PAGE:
The recent announcement from the Venezuelan Central Bank that it is sending gold to Turkey to be refined has not received enough attention amid the diplomatic row between Turkey and the United States. The spat started with growing frustration over Turkey’s detention of American pastor Andrew Brunson and has now ramped up with both sides imposing tariffs.
But in the midst of all this Venezuelan authorities decided to begin refining gold in Turkey, something they were previously doing in Switzerland. Venezuela exported $779 million of gold (20.15 tons) to Turkey in 2018, all of which will ultimately return to Venezuela to become part of the Central Bank’s portfolio of assets.
This gold exchange is occurring at a time in which the Maduro government is facing a lot of international criticism and rising sanctions, including from Canada, the EU and the United States. At the same time, the gold transaction from Venezuela to Turkey intersects in dangerous ways with the tension between the Turkish and U.S. administrations.
Turkish officials have claimed that the cooperation between Venezuela and Turkey should be considered a step towards the “destruction of the hegemony of the dollar.” In other words, Turkey and Venezuela are seeking to get away from dollar-centric systems as each country experiences severe economic crises and its own sanctions from the United States.
Amid increased international pressure on the Maduro regime and an escalating diplomatic row between Turkey and the U.S., such a controversial transaction between Ankara and Caracas is noteworthy, especially given how little attention the recent rapprochement between the two countries has received. In this case, it may be not unrealistic to see Russia’s hand behind this as it attempts to create a potential alternative global alliance and has close ties (and influence) over both Venezuela and Turkey.
The shadow of Russia over Venezuela and Turkey
Since Venezuela’s President Maduro cemented his grip on power in farcical May 2018 elections, the Trump administration has been confronted with the difficult question of how to push for a transition of power in Venezuela. For years now, the U.S. has levied sanctions on dozens of top Venezuelan officials, including Maduro himself, over allegations of corruption, drug trafficking and human rights abuses. The Trump administration has recently imposed further stiff financial sanctions that limit the government of Venezuelan President Nicolás Maduro from raising needed capital in the United States.
While the Maduro government continues to desperately search for ways to stem the collapse of the economy, Russia has played the biggest role in keeping the regime afloat. At a time when Venezuela is experiencing further sanctions and isolation from the U.S. and the region, strong support from President Putin provides Maduro with a degree of international legitimacy and room to maneuver through different mechanisms. In helping the Maduro regime stave off collapse, Putin aims to preserve its widespread strategic interests in Venezuela, in the Western Hemisphere, and beyond.
By the same token, the influence of Russia over Turkey appears to have grown stronger and more effective in recent years. The political ties between Russia and Turkey are now closer than ever, as Turkey’s relations with its Western allies worsen over issues of democracy and human rights. Indeed, the failed coup attempt against Turkish President Recep Erdogan in 2016 has created the opportunity for increased Russian-Turkish cooperation by straining Ankara’s relations with the United States and Europe. Since that time, President Erdogan’s steady descent into authoritarianism and increasingly erratic foreign policy has forced the Western Alliance to keep Turkey at arm’s length. The attenuation of transatlantic ties paves the way for Russia to emerge as an alternative ally for Turkey.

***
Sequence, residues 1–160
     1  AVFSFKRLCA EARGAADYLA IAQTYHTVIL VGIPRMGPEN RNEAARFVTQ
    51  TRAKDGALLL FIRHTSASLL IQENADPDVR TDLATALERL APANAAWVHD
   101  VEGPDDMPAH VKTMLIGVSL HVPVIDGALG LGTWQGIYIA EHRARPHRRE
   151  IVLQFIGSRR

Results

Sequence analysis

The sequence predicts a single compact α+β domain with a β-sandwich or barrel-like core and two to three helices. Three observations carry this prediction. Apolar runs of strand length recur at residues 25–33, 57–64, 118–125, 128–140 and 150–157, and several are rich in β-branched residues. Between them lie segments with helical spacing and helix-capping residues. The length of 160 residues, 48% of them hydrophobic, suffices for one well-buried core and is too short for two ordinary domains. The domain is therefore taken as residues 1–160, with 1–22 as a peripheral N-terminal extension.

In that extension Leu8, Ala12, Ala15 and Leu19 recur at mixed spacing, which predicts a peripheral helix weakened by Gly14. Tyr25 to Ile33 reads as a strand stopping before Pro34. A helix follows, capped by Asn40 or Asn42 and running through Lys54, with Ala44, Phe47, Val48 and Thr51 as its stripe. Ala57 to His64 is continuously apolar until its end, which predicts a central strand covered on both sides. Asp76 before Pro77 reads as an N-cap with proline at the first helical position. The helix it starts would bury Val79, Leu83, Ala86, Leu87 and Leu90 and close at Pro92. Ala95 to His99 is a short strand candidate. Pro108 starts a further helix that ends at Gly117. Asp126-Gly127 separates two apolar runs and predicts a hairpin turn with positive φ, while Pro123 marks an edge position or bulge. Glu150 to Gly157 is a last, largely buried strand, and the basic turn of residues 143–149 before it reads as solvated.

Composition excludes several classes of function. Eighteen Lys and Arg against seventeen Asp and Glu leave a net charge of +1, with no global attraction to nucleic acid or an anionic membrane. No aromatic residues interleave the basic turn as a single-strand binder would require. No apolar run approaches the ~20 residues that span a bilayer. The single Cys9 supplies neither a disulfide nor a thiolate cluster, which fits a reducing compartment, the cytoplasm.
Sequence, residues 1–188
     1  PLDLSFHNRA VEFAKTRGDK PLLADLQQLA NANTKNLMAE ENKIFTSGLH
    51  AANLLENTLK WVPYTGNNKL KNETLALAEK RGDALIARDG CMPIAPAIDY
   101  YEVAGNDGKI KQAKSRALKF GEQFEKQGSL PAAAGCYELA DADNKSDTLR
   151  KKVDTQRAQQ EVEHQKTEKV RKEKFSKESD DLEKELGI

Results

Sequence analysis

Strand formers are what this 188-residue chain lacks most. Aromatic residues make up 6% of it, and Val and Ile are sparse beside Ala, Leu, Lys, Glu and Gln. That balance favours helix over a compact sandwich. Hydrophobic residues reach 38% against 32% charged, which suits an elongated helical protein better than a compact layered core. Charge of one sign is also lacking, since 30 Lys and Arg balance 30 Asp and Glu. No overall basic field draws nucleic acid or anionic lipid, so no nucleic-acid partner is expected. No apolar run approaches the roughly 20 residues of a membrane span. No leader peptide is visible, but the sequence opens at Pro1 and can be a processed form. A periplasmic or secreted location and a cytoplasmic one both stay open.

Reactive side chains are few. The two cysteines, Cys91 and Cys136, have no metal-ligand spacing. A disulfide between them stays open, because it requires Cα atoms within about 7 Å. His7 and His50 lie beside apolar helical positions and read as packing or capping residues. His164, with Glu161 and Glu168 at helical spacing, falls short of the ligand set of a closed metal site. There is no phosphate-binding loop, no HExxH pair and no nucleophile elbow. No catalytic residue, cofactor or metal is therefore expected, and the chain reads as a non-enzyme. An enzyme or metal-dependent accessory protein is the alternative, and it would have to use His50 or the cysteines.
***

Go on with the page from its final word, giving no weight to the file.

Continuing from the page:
Turkey’s warming relations with isolated Venezuela has coincided with the growing influence of Russia in Turkey. Indeed, Turkey’s recent coziness with Russia has prepared Ankara for an opening with Caracas. After the 2016 coup attempt in Turkey, bilateral cooperation on finance, energy, tourism, and aviation have reached unprecedented levels. The gold transaction is only the latest step towards an unlikely full-fledged alliance.
From the Venezuelan perspective, the Maduro government is cognizant of Turkey’s limited capacity and is aware that working with Turkey is a long-term project with few prospects for short-term gain—though for now, for a country in need of a friend, Turkey is there. Appearing at the inaugural ceremony of Turkish President Erdogan in Ankara, President Maduro hailed the Turkish president as a “friend of Venezuela and leader of the new multi-polar world”. The Venezuelan government increasingly seems to rest on the assumption that Turkey, detaching itself from the west and tilting towards Russia, will be a reliable ally .
The impact of the complicated balancing game that Russia has undertaken in world politics is helpful in understanding the recent love-fest between Turkey and Venezuela. The nascent partnership is fully compatible with the Russian efforts to create a potential alternative alliance structure built around like-minded countries such as China, Venezuela, and Turkey.
As Putin seeks to split the Western alliance, bringing estranged-NATO ally Erdogan closer to Western Hemisphere-pariah Maduro counts as a twofer.